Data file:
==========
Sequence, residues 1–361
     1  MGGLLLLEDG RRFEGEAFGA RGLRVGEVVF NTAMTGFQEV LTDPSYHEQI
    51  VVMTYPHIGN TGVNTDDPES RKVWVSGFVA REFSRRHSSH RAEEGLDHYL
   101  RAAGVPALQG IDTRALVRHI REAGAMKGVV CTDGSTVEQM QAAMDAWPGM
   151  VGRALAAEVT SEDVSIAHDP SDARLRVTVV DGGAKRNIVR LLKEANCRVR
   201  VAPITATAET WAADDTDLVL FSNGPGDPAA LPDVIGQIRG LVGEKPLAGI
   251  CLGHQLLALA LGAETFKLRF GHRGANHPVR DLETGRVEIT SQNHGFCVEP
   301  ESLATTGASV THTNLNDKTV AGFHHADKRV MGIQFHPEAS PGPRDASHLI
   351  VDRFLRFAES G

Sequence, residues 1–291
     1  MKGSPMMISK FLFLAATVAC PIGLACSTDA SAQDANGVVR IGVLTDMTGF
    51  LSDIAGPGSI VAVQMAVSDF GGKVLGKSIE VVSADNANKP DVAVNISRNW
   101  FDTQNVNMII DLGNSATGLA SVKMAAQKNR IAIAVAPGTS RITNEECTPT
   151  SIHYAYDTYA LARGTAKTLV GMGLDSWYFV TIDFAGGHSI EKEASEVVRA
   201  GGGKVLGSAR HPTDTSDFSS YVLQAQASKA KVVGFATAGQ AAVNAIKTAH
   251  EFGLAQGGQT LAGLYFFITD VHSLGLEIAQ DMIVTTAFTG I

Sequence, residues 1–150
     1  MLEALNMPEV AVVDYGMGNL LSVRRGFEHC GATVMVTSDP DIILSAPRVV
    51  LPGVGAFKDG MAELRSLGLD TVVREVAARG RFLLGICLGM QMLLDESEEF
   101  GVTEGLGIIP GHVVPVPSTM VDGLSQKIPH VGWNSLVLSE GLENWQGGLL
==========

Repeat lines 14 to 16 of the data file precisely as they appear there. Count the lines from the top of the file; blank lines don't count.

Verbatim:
   151  SIHYAYDTYA LARGTAKTLV GMGLDSWYFV TIDFAGGHSI EKEASEVVRA
   201  GGGKVLGSAR HPTDTSDFSS YVLQAQASKA KVVGFATAGQ AAVNAIKTAH
   251  EFGLAQGGQT LAGLYFFITD VHSLGLEIAQ DMIVTTAFTG I